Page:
Should regulators care about the inefficiencies?
Sean Casten is president of TurboSteam Corp. and the policy chair of the Northeast Combined Heat and Power Initiative. Joshua Meyer is a manager at Encorp and the market development chair of the Northeast Combined Heat and Power Initiative.
With the first wave of legislative utility deregulation largely complete, the bulk of market restructuring is now happening in the much less public, but just as important, realm of utility rate-making proceedings. Inside these proceedings, utility commissioners address the basic economic and contractual framework for electric utility services.
By setting the absolute rate and the rate structure under which electric service is provided, these proceedings affect all future capital allocation in the electric sector on both sides of the meter. Where the first wave of deregulation focused on wholesale power markets, this second deregulation wave directly affects retail markets. It is therefore critical that regulators carefully consider the long-term impacts of the proposed rates on the broader retail market.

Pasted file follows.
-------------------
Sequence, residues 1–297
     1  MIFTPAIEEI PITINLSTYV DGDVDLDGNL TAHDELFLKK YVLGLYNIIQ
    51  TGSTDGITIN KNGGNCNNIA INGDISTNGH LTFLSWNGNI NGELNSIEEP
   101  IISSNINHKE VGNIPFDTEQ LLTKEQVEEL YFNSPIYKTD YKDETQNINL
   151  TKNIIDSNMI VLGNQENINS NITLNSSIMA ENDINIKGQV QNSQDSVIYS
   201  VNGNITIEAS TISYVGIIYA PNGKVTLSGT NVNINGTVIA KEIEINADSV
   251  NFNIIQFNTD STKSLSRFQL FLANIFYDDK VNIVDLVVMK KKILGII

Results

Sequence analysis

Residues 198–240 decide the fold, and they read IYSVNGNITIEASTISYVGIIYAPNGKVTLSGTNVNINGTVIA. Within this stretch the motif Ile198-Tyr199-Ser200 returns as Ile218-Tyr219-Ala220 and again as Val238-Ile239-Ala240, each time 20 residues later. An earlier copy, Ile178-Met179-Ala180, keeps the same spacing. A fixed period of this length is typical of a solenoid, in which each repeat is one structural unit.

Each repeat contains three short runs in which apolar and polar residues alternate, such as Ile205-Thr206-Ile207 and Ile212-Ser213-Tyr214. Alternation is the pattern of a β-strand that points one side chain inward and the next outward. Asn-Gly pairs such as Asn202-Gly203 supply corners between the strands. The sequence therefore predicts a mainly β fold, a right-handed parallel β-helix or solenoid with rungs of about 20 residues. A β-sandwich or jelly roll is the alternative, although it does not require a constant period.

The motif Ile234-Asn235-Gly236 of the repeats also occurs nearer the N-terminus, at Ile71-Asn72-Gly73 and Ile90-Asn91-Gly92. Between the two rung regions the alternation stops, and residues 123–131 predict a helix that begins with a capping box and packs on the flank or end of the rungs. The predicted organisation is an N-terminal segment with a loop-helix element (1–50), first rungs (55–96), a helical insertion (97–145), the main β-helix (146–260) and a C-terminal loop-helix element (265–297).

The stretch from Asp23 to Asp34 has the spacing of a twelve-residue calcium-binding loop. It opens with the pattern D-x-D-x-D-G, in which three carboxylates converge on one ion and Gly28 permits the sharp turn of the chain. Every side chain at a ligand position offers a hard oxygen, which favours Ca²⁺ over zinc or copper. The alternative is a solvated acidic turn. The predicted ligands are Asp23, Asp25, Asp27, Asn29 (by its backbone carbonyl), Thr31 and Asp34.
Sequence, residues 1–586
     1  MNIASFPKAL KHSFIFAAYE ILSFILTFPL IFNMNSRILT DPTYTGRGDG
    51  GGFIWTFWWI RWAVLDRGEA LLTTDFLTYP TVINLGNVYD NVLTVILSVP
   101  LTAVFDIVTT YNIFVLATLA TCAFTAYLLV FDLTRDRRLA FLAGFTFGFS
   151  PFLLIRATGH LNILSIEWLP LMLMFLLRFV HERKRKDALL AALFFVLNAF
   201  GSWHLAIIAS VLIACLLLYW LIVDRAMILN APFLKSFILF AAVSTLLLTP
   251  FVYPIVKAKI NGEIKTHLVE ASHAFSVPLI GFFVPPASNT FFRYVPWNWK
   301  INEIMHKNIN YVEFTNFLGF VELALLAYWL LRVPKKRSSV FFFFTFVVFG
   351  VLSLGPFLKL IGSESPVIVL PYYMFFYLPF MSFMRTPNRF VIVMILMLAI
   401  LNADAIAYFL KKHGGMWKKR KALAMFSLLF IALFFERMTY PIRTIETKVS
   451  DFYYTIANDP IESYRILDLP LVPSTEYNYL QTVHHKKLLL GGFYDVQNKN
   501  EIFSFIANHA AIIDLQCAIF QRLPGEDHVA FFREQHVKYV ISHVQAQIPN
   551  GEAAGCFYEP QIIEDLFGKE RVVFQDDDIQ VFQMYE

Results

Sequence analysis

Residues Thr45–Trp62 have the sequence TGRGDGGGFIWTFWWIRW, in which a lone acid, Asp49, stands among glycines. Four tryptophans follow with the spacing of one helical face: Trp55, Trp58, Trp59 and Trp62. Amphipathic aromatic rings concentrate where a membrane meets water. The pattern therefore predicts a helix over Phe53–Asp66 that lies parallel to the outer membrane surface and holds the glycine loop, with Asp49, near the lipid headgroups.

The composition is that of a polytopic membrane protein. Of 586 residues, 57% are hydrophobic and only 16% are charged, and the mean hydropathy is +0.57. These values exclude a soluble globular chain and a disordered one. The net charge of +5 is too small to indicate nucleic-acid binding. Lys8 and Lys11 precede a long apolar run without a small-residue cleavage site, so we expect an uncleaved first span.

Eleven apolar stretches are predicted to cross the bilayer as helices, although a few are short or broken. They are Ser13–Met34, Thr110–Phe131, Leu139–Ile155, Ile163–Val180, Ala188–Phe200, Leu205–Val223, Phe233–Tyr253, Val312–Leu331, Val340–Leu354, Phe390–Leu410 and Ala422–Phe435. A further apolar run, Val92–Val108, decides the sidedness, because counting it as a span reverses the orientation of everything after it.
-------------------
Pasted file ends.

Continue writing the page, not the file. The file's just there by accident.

Within these proceedings, commissions strive to avoid cross-subsidization of one ratepayer by another. Economic theory teaches that optimal economic efficiency occurs when costs and benefits are aligned, and thus cross-subsidization is widely considered a symptom of economic inefficiency to be avoided in utility rate design.